Monday, April 14, 2008

Greek style organic lentils- reduce agricultural runoff

One cup lentils, or mixed lentils and beans, two cups water, soaked overnight.
One stalk celery diced fine.
Two carrots diced fine or shredded.
One bunch swiss chard or beet greens, spines removed, chopped into inch squares.
One clove garlic chopped fine.
Two tablespoons hot new mexico chili power.
1/4 teaspoon cayenne.

To remove the spines trim the leaf along both sides of the spine as far as possible. Or if you don’t like putting a metal surface to leaves fold the leaf along the spine and tear the stalk out. You can use the stalks for stock or compost them.

Layer with the legumes on the bottom and cook with the reflector on for almost two hours. You want it soft. Longer if overcast.

Two spring onions chopped fine.
Handfull parsley chopped fine.
Juice of half a lemon. Equal part Olive Oil.
One clove crushed garlic.
Salt to taste.
Beat and pour over. Mix.
Garnish with yogurt before serving.

To make a crostini blend it all with enough olive oil to make it spreadable. Crostini is a spread for day old bread that is toasted before serving for an appetizer or to accompany a salad.

Why organic lentils?
Lentils in this area are generally from India or Italy. They are grown in CA but not in enough volume to supply the demand. This has more to do with the decline of wheat and barley as commercial crops in CA.

They grow best in dry climates which is mostly all of California and are an ideal food high in nutirents, protein, and carbohydrates. But they are displaced by more profitable crops like rice. I say displaced because rice like lentils is not a natural food staple for Californians. Our food cultures are influenced by what business brings to market.

Rice is water intensive and strangely able to grow anywhere in the world and most places are self sufficient in rice. The growth is primarily a means of shipping water since poor rice growing areas like Egypt can import rice rather than allocate water for its growth. Rice typically requires from 4 to 10 acre-ft of water to produce a rice crop in California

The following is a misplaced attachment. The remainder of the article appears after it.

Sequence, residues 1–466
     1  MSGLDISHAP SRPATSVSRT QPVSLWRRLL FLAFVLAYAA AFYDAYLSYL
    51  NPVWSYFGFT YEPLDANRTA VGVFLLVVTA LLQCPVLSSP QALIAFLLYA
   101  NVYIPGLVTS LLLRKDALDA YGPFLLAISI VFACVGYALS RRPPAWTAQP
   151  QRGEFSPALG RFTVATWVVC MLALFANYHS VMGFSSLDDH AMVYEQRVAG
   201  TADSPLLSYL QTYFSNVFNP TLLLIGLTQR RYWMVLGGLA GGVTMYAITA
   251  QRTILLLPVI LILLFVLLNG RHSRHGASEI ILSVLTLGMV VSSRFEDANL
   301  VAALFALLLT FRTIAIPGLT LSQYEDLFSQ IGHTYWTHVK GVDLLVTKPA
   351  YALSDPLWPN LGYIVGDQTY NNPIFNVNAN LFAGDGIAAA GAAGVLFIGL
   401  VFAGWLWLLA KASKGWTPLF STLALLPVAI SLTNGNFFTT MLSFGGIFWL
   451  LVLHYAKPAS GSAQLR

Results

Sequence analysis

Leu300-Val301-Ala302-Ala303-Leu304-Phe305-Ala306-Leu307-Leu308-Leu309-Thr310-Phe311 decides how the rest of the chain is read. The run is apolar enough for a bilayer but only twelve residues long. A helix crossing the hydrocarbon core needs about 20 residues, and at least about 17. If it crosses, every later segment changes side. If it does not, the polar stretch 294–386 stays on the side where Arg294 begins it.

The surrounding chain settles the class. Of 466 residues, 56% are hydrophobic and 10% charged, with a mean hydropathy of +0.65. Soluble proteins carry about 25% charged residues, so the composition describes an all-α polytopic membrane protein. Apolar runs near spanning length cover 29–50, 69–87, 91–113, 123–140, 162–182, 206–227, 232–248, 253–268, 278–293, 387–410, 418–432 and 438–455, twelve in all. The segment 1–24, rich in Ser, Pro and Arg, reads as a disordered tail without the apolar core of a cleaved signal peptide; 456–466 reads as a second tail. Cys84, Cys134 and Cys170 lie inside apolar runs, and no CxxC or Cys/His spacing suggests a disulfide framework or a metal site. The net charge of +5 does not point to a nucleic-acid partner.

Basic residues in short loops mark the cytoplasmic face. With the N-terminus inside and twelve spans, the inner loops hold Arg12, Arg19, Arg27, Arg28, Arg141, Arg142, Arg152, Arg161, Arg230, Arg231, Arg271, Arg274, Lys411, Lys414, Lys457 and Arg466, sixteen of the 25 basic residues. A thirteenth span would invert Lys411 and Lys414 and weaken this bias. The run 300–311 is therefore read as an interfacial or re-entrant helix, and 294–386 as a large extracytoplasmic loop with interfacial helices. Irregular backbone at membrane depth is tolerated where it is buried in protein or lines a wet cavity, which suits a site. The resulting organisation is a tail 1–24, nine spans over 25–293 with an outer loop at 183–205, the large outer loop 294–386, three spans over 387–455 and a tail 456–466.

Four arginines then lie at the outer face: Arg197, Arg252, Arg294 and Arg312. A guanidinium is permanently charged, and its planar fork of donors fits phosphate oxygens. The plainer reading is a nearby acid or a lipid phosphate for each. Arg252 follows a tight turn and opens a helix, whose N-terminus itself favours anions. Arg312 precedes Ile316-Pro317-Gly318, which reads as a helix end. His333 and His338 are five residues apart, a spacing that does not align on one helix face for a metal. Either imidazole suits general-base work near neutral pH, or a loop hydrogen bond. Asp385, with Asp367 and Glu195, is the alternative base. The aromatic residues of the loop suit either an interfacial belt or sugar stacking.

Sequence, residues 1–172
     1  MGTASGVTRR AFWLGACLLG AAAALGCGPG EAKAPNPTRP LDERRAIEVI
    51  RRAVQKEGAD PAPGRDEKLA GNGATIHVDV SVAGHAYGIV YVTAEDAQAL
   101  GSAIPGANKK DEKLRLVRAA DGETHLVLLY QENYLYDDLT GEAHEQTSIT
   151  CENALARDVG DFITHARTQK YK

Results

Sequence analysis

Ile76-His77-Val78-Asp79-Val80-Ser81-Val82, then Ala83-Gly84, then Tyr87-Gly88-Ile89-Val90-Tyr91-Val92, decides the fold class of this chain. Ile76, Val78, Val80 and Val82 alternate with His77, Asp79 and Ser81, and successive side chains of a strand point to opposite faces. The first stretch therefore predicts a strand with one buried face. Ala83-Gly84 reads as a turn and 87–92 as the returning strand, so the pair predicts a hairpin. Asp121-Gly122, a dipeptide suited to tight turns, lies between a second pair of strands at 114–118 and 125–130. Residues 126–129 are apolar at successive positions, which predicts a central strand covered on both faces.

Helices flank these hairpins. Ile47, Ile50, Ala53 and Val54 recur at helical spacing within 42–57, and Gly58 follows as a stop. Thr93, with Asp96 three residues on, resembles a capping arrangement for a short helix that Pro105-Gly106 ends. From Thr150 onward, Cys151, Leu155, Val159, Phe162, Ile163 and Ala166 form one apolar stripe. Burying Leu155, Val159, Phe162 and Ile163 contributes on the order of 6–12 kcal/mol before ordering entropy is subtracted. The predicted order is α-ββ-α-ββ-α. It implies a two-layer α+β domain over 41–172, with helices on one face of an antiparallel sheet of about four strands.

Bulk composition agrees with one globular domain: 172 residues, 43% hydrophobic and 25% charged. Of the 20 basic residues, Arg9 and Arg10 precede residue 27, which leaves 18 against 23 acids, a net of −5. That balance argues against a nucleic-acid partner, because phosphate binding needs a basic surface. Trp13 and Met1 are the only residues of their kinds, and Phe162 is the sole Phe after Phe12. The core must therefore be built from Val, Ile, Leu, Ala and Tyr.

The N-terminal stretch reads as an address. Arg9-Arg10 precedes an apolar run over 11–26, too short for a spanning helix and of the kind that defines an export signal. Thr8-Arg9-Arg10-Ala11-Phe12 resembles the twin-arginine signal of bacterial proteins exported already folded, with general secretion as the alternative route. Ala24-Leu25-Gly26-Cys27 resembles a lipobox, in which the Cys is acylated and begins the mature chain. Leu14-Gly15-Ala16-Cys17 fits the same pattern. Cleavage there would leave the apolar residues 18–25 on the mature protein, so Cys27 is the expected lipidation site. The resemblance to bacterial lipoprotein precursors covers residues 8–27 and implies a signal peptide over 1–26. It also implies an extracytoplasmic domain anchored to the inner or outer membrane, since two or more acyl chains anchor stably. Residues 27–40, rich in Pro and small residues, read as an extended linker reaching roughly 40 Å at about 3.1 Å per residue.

Regions like Vietnam and the Indian Ganges basin would make natural suppliers. But nations monkey with the flow of water and provide business with the ability to grow rice unsustainable. Today California is a major producer of rice.

Lentils on the other hand are grown as rotation crops and require dithiocarbamate and organophosphate mostly in Washington State. These chemicals lead to increased periphyton growth and perhaps even stimulate algal blooms including protozoa.

“Chemicals originating from agricultural activity enter the aquatic environment through
atmospheric deposition, surface run-off or leaching (Kreuger, 1999) and frequently
accumulate in soft-bottom sediments and aquatic organisms (Miles and Pfeuffer, 1997;
Lehotay et al., 1998; Kreuger et al., 1999). In all parts of the world pesticides have been
found in the aquatic ecosystem and often information of how these pesticides affect inhabiting
organisms is missing. In canals in south Florida more than 700 pesticide detections were made
between 1991 and 1995 (Miles and Pfeuffer, 1997). Both commonly used pesticides and pesticides withdrawn from the market years ago do reach and/or accumulate in aquatic
ecosystems and thereby constitute a threat to all aquatic organisms.”

According to the CDC some studies in adults and children have linked organophosphate exposure to lymphoma and leukemia. Home pesticide use overall has been linked to childhood cancers such as soft tissue sarcomas, leukemias, and cancer of the brain.

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